Minced veggies for a Thanksgiving stuffing

Then, when you’re done eating, sleep on the experience. Put off those important food issues that you’re studying until tomorrow when your body will be renewed and your mind, open. Allow the experience to influence your work. Before you make an ethical, political, economic, or cultural recommendation, remember how food affected you and how it could affect the lives of others.

If you decide to shoulder this extra “homework” during the holidays, here are a list of local-area food blogs to get you started:

Edible Aria
Lisa is Cooking 
Dining in Austin
Mary Makes Dinner 
Austin Gastronomist

I’d love to hear about it if you decide to make a night out of eating… Comment or email me with your experiences and what you learned (if anything). Or just leave me with a recipe to try in my own kitchen, or a restaurant that I have to try.

Happy Holidays!

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4 Comments Add yours

  1. Deirdre says:

    Well said, Brittany!

  2. Andrea says:

    Great post, Brittany! It’s always good to be reminded of the importance of actually tasting our food! So often we get into the rush of, like you said, losing or (gaining–thanks for adding that one!) weight that we forget to savor the experience. Thanks for the permission to do whatever it takes to truly enjoy a mean, whether it’s moving outside of our comfort zones, or staying with that favorite recipe!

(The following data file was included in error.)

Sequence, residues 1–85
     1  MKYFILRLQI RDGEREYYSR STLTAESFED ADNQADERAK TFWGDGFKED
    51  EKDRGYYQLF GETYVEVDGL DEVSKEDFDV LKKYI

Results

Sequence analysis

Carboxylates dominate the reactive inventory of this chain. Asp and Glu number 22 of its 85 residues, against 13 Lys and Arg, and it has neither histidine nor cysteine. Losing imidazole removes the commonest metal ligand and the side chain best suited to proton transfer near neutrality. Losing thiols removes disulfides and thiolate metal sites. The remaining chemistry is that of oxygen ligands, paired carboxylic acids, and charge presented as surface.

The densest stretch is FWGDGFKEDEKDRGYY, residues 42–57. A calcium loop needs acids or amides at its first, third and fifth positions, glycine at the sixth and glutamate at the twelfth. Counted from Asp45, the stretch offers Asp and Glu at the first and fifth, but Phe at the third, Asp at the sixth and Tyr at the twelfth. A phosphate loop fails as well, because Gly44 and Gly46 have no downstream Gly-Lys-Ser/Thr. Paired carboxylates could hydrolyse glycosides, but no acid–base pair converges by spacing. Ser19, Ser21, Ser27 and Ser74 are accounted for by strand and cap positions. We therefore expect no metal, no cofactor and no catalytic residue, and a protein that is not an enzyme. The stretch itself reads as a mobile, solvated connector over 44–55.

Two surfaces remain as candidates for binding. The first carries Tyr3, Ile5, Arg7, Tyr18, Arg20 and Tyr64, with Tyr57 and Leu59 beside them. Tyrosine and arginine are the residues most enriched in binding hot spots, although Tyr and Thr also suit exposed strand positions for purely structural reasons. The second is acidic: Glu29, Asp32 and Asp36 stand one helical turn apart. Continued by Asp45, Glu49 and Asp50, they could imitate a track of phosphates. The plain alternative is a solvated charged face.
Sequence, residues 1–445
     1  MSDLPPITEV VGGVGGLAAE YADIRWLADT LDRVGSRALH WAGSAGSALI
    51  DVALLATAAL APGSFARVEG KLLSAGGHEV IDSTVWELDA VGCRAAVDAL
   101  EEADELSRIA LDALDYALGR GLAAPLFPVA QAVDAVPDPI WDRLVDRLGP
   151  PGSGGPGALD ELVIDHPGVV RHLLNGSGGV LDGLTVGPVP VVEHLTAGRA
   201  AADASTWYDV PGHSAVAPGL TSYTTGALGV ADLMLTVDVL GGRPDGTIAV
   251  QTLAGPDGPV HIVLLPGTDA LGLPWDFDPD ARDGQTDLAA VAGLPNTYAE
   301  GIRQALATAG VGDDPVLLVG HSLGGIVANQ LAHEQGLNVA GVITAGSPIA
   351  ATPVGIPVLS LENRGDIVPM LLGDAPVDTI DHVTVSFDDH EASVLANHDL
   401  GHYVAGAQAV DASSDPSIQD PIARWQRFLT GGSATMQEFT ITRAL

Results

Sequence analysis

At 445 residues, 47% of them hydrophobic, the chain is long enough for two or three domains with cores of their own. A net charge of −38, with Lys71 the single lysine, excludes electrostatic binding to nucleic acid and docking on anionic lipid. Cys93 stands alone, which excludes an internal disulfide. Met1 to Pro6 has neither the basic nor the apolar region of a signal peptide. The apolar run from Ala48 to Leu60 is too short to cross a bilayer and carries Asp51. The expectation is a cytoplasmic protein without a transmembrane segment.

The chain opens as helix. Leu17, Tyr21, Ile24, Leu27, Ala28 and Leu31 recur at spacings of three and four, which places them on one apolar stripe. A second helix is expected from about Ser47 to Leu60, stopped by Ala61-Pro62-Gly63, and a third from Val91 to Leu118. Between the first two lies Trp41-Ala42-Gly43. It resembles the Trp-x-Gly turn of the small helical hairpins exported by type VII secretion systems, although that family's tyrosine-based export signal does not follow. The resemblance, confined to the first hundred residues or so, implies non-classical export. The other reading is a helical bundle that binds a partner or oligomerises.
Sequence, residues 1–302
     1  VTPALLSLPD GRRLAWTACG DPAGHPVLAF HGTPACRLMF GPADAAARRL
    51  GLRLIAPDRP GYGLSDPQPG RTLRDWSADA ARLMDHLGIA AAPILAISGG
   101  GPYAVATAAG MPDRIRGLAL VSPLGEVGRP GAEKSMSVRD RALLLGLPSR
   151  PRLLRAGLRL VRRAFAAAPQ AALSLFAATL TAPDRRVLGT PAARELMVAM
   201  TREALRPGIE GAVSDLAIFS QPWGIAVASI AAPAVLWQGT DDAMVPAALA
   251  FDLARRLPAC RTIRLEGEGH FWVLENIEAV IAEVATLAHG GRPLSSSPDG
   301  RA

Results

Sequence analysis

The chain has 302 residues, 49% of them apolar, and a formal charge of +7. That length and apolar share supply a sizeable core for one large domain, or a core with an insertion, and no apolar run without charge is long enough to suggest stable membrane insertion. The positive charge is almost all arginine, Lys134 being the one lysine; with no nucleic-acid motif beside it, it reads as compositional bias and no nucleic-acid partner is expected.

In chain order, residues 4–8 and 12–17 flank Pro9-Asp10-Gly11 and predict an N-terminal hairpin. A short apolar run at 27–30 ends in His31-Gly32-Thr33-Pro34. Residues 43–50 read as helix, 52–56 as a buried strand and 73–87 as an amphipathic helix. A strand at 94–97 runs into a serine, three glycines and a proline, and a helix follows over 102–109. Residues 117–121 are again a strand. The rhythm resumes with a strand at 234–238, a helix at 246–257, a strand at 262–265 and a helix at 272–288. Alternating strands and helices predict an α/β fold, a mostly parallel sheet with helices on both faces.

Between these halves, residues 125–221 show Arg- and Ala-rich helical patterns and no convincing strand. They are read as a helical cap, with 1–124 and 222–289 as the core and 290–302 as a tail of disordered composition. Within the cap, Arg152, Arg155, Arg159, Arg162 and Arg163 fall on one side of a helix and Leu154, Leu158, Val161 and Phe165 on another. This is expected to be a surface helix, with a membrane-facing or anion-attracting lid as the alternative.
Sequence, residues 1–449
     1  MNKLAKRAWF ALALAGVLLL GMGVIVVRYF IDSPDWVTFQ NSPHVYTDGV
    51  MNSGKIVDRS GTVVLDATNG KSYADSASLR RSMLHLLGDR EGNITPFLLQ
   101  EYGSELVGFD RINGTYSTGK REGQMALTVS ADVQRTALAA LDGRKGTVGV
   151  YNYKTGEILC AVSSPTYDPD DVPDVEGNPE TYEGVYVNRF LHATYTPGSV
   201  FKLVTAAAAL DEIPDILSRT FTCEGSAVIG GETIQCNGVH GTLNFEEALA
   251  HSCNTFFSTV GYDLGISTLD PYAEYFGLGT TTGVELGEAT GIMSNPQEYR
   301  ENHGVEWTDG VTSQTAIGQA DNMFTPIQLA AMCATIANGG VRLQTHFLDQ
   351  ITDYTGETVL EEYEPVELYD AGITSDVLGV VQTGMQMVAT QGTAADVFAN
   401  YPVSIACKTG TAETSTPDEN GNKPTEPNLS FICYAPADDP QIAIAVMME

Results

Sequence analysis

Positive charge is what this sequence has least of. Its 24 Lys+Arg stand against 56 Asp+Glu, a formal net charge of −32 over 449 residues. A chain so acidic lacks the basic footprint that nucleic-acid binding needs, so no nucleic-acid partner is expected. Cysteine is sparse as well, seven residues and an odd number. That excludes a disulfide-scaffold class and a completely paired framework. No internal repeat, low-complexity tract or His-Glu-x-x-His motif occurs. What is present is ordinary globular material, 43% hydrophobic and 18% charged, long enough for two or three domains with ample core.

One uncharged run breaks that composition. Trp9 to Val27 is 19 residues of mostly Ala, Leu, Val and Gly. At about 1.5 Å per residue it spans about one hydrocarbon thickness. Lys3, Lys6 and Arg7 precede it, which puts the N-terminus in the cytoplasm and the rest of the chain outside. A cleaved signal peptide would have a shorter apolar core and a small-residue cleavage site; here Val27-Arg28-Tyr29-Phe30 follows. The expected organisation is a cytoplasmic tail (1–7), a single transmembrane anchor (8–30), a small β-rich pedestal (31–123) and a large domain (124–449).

3. Jackie says:

    The concept of mindful eating, truly savoring every bite and giving yourself that time to enjoy the food instead of think about everything else in the world makes me nostalgic for the time when I didn’t have all these words flying through my head about the food I was eating. I think that is why I became so adamant about only eating local and now mostly just sustainably raised food, so I could start to not worry about what I was eating. Along the way I forgot to enjoy every meal, no matter when it is. Yesterday I had toast with hummus as I walked and ended thinking where did my toast go? Today I am going to try to find something new that I love about my meal during every bite. Thank you for reminding me the joy of a simple bite, this was a great post!

  4. Asiago says:

    I have always been a big believer of promoting us to change “how” eat, more than telling us “what” to eat. You really learn the importance of enjoying and being thankful for food travelling and experiencing how other cultures’ eat and treat their food.

    I agree whole heartedly that people should enjoy and find pleasure in their food. I think most people do… even including your roommates with their “Spaghetti-O’s and miniature corn dogs”

    Maybe we should ask them “why” they like to eat those things?
    For example, after all my food studies telling me to hate McDonalds, I still love McNuggets! Those crispy little “all white meat” nuggets bring me so much pleasure when I dunk their warmth into that sweet sauce (I always get honey) and take that first bite into that boot shaped chicken concoction. There are a lot of other reasons I am sure, why I love those additive McNuggets!

    If they are bad for my health (and possible my palate), do I give them up? Or maybe I can change “how” I go about eating them and come to awareness “why” I enjoy them.

    Our blog gets cooler every post! Good Job Brittany!